Tag Archives: Life in the Spirit

God-Encounter 2: The Drug Dealer

85On Ash Wednesday in downtown New York City, everyone who is even remotely Catholic turns up to get his ashes.

For a time, I lived and helped out at a church near Times Square. The pastor was an enterprising little Asian priest who knew how to get things done, especially on Ash Wednesday. With his army of volunteers, he transformed the church basement into a prime location for getting ashes New York-style: in-and-out in five minutes. With equally New York-like mercantile savvy, he provided ash-getters plenty of opportunities to spend their money for a good cause by setting up an easily accessible religious book shop.

Our pastor’s keen business sense was complimented by an even keener awareness of the opportunity that Ash Wednesday provided for conversion and repentance. He had a special area set up for prayer in front of the Eucharist and he strategically placed priests in locations where they could be easily approached for advice or for confession.

Not being a priest, I was assigned ash duty with a confrere. I stationed myself with ashes, ready for a long day of reminding the People of God that “from dust they came and to dust they shall return.”

A Reluctant Ash-Getter

About midway through the morning, as my ash-covered thumb was635598855312440450-161626591 just beginning to ache, two guys got into line; the older of the two was probably in his late 40’s or early 50’s with a frank look and callous-covered hands, the type of burly New Yorker that you would find working hard at a construction site. Following behind him was a bling-adorned, younger man in his twenties who was making it loud and clear that he did not want to be in church. The older guy told him to shut-up and get his ashes.

I gave both of them ashes, giving the younger a smile and pat on the shoulder.

As the older guy went to buy a raffle ticket at the book shop, I noticed the younger one hanging close by me. Thinking that he may want to talk, I left my confrere to handle the line (which, thankfully, had died down) and went to chat.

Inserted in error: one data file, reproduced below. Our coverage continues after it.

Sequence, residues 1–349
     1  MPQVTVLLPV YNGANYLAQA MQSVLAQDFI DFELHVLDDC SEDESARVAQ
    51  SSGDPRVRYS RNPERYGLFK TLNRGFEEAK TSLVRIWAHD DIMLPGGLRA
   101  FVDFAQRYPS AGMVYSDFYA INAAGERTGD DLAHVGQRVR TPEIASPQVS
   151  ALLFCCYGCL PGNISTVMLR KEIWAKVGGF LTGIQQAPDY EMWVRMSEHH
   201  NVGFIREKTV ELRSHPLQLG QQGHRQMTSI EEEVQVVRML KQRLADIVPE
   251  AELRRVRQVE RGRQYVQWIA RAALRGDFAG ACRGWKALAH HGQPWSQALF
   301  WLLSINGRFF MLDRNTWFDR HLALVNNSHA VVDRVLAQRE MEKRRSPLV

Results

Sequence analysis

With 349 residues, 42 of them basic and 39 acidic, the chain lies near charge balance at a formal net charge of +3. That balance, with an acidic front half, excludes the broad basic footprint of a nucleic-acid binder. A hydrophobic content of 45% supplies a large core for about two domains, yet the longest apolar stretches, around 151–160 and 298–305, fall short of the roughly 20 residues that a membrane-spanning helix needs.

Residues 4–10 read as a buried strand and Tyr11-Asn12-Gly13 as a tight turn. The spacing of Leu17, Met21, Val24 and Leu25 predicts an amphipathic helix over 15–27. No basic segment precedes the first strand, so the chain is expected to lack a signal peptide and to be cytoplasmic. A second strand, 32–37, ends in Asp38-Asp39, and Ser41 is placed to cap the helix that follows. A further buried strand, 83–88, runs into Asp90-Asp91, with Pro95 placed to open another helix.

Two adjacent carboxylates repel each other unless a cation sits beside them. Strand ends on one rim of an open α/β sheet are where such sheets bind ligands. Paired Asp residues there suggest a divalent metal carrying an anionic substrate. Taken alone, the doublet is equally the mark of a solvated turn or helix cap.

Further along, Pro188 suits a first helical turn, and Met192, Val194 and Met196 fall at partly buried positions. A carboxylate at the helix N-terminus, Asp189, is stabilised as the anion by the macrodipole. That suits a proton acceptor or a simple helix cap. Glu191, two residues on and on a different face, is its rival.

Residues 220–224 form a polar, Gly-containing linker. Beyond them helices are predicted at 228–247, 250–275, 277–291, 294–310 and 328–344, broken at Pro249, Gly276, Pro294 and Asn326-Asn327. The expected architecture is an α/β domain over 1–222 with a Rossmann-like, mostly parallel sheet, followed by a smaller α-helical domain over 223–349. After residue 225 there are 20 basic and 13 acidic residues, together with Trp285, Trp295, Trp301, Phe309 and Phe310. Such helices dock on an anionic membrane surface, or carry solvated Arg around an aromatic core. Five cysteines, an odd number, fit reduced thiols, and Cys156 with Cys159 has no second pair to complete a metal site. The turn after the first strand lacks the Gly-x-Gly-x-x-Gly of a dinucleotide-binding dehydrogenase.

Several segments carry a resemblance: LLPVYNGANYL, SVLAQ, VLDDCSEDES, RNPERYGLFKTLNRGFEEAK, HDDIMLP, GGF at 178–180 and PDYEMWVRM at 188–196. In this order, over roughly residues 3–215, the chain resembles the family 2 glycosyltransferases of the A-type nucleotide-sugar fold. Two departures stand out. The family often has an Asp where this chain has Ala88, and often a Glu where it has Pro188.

An Unbelievable Story

Just a quick glance was enough to know that this was a street-hardened kid: his young face was worn with premature suffering, and deep black bags flanked his crooked nose. A diamond-studded cross hung on a gold chain against the background of an obscenely designed t-shirt, while an expensive leather jacket and sagging baggy pants convincingly completed his gangster-look. His eyes constantly wandered, shooting from place to another with suspicious unease.

I broke the ice with a light comment, and asked him where he was from. He responded that he was from Queens and told me that the only reason he was in church was because his friend forced him. Despite his tough-guy aura, I could tell that he wanted to talk, so I asked him more about himself. He slowly opened up and began to tell me his life story. What he had to say astonished me.

“My mom and dad were the streets,” was one of the first things he said about himself. His real father was doing life at Attica and his real mother was hopelessly addicted to crack.

He grew up in the projects, and, as a young boy, saw things no kid should ever have to see, the worst of which was the violent death of his brother whom he saw be executed by a rival gang. I will not go into the details that he shared with me, but you can only imagine the horror of such a traumatic event.

Deprived of his only real guardian and guide, he eventually joined a gang himself and started dealing drugs.

“I did what I had to do.  I needed the money.”

Attica State Prison

The police caught him, and he went to prison for five years. During this time, his only consolation was his wife who remained amazingly faithful to him, despite the fact that he had had a kid with another woman. Every month of his incarceration, she traveled a total of 12 hours on bus to visit him for one.

She waited five long years for him. When he finally got out, they had only a few weeks together before she was tragically killed by a drunk driver shortly before Christmas. She had just given her husband a present. He finally brought himself to open it three weeks later – it was a diamond-studded cross.